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«Le marin c’est moi» PDF Print E-mail

by Luigi Di Fronzo

What do Concerto dell’albatro by Ghedini, La Tempesta di mare by Vivaldi, the overture of Calm Sea and a Prosperous Voyage by Mendelssohn and La Mer by Debussy have in common if not the acre, regenerating perfume of sea water? On earth, as we know, there are enormous expanses of water, lagoon mirrors and profound spaces of many kinds. There is the obscure sea, dark, sometimes violent in the quarrelsome movement of waves that submerge us, as in the narrative pages of the Typhoon by Conrad. At the same time there is the quiet, still sea, that injures our look as a dazzling plain with the sun in the Zenith, as happens in La Mer. Actually, music offers us an important sample: the Mediterranean sea of Verdi’s Othello, the cold and Nordic sea described by a romantic Brahms, (in Lieder and chamber music), the exotic sway of a schooner in Ravel’s Shéhérazade and the restless, leaden, obscure sea of the Peter Grimes by Britten. Certainly it is difficult to imagine the precise perception of the sea of a composer as Debussy, that looked at water with an utopian and far-away point of view (L’isle joyeuse, Reflets dans l’eau, Sirènes, La Cathédrale engloutie), in an impressionistic atmosphere strongly conditioned by the waves by Hokusai and by Turner’s sailboats. Indeed, in 1889 Debussy was questioned – as in the celebrated Decalogue by Proust – about what would have been his professional choice if he had not become a musician. Debussy did not have any doubt: he was “a sailor”, maybe influenced by his father’s nomad character and by the aspiration of sailing in the Southern seas. Probably he did not know Salgari, but surely he knew Gauguin’s paintings, Poe’s Gordon Pym e and Stevenson. In any case in 1903, during the creation of La Mer, Debussy wrote a letter to André Messager and said: «Maybe you do not know that I was destined to the excellent career of sailor and that I have been brought away from this will only by life’s vicissitudes». Maybe his thought went to the light of the Mediterranean and to his permanence in Brittany. The most natural result is a palette of light effects, a landscape sketched by wise brush strokes, where we can breathe the force of wind and the perfume of the sea. Music «absorbed by paper» as in an album of Japanese engravings, so popular at the time. «La musique est des couleurs» he will write on one of his autographs. Indeed in Paris, after having experienced decadent taste thanks to the symbolist text of Pélleas by Debussy, the extremely conservative public had been educated to the complex operas by Wagner (as Tristan, premiered finally in 1904) and afterwards introduced to the Boris Godunov by Mussorgsky, premiered in 1906. In La Mer the composer draws our attention on a world of pictorial suggestions, in a complex texture of sounds alluding to open spaces and to the sea’s movements. The allusions to paintings help us recall the three episodes – From dawn to noon on the sea, Play of the waves, Dialogue of the wind and the sea – and create the occasion for a mysterious sway of fifths during the first episode, for the creation of mobile and playful figurations in the second episode and for the unending energy flowing in the third one. The score was premiered during the Concerts Lamoureux in an atmosphere of favourable surprise. For the chronicles, the conductor was Camille Chevillard.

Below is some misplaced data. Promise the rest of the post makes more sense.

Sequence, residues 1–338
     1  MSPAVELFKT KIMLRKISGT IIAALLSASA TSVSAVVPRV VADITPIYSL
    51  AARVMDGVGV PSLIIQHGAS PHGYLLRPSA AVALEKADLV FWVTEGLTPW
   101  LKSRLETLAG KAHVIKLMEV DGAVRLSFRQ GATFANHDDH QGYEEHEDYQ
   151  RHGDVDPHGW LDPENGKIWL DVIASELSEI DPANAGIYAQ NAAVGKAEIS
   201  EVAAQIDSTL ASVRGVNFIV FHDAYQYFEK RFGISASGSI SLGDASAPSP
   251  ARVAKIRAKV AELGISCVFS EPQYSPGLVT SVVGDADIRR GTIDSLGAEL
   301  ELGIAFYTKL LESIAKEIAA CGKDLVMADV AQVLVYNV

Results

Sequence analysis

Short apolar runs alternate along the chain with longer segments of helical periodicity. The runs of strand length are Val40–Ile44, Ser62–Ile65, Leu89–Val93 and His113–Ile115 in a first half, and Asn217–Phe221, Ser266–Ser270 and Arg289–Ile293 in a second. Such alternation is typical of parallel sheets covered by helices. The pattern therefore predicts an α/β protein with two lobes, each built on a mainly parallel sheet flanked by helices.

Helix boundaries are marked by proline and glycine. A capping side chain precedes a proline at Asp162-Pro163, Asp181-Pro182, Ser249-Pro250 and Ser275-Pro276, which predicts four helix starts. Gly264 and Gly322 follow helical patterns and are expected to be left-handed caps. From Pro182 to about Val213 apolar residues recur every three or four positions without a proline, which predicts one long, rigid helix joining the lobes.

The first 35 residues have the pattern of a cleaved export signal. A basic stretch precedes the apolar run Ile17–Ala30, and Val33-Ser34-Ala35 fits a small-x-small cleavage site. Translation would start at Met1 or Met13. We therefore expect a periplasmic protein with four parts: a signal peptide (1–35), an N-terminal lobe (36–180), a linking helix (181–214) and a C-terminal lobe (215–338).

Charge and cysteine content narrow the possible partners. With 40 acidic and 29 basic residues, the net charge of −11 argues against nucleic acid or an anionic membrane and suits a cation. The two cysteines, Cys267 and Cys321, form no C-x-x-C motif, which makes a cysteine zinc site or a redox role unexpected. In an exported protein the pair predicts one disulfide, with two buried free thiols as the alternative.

Maybe Volkov (editor of Shostakovich’s Memories) was right when he underlined the crazy jurodivij role of the musician; just tolerated by Stalin, as a bloodthirsty Renaissance king could tolerate the impertinence of his jester. He had been pardoned by a dictator who was not aware of how the epic dimension of his compositions could denounce the false optimism of the time. Indeed they did not hide, without the need of going in depth, the tragedy of Stalinism interpreted with keen lucidity. With the grotesque mean of satyr and a corrosive humour, extremely effective, with a lyrical dignity that emotionally awakes, the Symphony no. 8 in C minor op. 65 is dated 1943. Premiered in Moscow, on November 4 of the same year, it was conducted by Evgenij Mravinskij. The composer says: «I wanted to recreate the human tragic condition during the hammering of war, trying to describe sufferance, anguish, courage and joy. All of these emotions have a particular vividness, put in evidence by the turmoil of war». Interior but explicit program, made up of a sequence of five movements: an Adagio, an Allegro non troppo extremely dramatic, an Allegretto humoristic and brutal, an Allegro non troppo, a Largo with a theme of a funeral march and a more rejoicing final Allegretto.